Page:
I am attempting to describe our the situation here in Japan after three successive disasters. The 9.0 Earthquake and its continuous aftershocks, the tsunami affecting the Tohoku area and the on-going attempts to deal with the damage at the Fukushima Daiichi Nuclear power plant. I hope to shed some light on some of the problems that have evolved from the March 11th triple disaster, as well as bring some levity to these heavy issues.
I am presently reading a book recommended by JoAnn called, A Paradise Built in Hell: The Extraordinary Communities That Arise in Disaster. The author quotes philosopher William James, who wrote extensively on the 1906 San Francisco Earthquake. He points out two amazing things that tend to happen after a disaster. The first is the speed at of “improvisation of order out of chaos…without leadership and co-ordination.” The second point he makes is that people who share the experience have some kind of “universal equanimity,” a mental calmness, composure and evenness of temper.
Japan in two out of three of the “threats” show great order and co-operation on the community and individual level. The earthquake and tsunami has spurred an incredible wave of charity events, increase in people donating time, money, sweat and support for others in every way imaginable. From our impression in Toshiaki’s hometown and neighboring communities, immediate efforts to feed and shelter those in need were evident. My sister-in-law, Miwako spoke of how people were walking, driving and running up to safer ground on the road that passed by their home. As it was a freezing day and evening, neighbors started handing blankets, futons, and jackets to strangers or bringing them to the elementary school that was on higher ground and had opened their doors. Her husband, Kazuhiro, quickly used his construction equipment to dig out a wider passage way to allow the relief vehicles to get to higher ground and help the victims. Many families housed relatives and friends who had lost their homes, shared food and gave comfort.
Williams talks about this “equanimity” as being more present with the people who have experienced the disaster, than those who haven’t. He experienced very little “pathetic and sentimental words” amongst the earthquake victims in 1906. He states that, “when the loss is general, one is not cast out by suffering but finds fellowship in it.” Now I am sure that the extreme cases of people who lost loved ones and everything they owned may not feel their loss is so general, however, the universal experience at least in eastern Japan does seem to have brought fellowship in a very crowded, busy country. It appears too that there is more sentimentalism and less calm among outsiders, who did not experience it and are concerned for their loved ones. I am guilty of this and have tried to be sensitive enough to be a listening ear rather then rattle off all my concerns. I am embarrassed to say that I feel a little left out of the “fellowship.” Don’t get me wrong, this is a fellowship one should not wish to belong to.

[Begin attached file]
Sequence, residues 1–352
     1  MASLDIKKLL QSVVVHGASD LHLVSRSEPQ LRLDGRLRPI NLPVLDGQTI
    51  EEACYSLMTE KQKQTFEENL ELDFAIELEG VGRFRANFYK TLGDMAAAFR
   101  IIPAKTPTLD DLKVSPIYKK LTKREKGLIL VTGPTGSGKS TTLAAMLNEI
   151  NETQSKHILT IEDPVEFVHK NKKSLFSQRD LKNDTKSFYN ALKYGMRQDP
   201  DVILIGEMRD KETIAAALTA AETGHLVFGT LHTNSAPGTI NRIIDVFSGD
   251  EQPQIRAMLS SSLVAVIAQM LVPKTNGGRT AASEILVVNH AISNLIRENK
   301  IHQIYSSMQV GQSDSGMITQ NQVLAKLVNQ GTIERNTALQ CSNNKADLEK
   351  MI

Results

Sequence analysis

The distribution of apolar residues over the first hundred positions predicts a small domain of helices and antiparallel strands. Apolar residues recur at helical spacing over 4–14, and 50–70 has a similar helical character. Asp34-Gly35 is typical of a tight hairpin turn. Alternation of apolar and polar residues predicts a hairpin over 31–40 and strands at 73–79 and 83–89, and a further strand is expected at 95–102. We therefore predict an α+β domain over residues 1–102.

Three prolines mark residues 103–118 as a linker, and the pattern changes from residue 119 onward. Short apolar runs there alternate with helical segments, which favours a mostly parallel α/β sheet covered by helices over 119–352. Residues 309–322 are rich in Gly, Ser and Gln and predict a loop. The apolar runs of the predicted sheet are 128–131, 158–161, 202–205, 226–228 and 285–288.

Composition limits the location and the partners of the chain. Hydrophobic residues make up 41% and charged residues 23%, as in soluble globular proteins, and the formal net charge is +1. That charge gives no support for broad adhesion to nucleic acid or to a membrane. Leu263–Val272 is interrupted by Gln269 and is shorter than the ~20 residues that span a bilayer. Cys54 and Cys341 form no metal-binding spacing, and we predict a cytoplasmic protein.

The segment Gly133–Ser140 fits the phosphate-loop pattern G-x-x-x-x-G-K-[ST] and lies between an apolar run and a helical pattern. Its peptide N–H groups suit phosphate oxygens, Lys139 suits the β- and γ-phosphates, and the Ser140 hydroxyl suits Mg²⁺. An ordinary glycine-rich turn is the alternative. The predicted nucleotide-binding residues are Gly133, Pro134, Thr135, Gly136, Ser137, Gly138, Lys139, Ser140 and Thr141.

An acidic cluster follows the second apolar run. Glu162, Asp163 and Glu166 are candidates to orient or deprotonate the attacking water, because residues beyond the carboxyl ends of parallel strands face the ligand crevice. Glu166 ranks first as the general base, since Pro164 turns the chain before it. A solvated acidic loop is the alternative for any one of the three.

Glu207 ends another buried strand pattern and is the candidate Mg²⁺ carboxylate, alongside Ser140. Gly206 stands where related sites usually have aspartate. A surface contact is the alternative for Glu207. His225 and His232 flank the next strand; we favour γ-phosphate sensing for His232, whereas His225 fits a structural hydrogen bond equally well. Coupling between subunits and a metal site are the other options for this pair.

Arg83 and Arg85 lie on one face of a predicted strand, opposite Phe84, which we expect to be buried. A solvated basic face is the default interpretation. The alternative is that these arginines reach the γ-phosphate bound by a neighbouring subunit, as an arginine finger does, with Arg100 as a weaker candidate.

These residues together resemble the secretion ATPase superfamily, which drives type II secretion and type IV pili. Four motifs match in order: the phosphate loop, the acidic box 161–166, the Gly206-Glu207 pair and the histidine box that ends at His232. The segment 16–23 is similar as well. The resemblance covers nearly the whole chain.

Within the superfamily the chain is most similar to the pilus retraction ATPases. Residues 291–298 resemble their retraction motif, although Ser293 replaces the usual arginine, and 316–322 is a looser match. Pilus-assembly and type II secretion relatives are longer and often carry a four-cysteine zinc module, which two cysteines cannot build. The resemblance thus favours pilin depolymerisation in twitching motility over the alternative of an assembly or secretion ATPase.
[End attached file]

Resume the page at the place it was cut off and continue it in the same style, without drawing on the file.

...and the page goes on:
The third disaster in Fukushima, I have not written about much yet, either here or in the Renew Yamada website. Partially, because I have focused on Toshiaki’s hometown of Yamada and partially because it is such a looming, complex problem that I am perplexed at how to even approach it. Call it denial, avoidance and ( I admit) a little bit of fear.
The situation in Fukushima is a force to be reckoned with. The best way is to share this link to a very thorough article on Japan’s Nuclear Problem. In addition, for my American friends who may think this is just a Japanese problem I highly recommend this article called America’s Nuclear Nightmare. Whether we like it or not the issue of energy is everyone’s problem and in my opinion is the most prominent driver of change. The question is which way will it drive us.
I’ll leave you with good news regarding movement toward Solar Energy.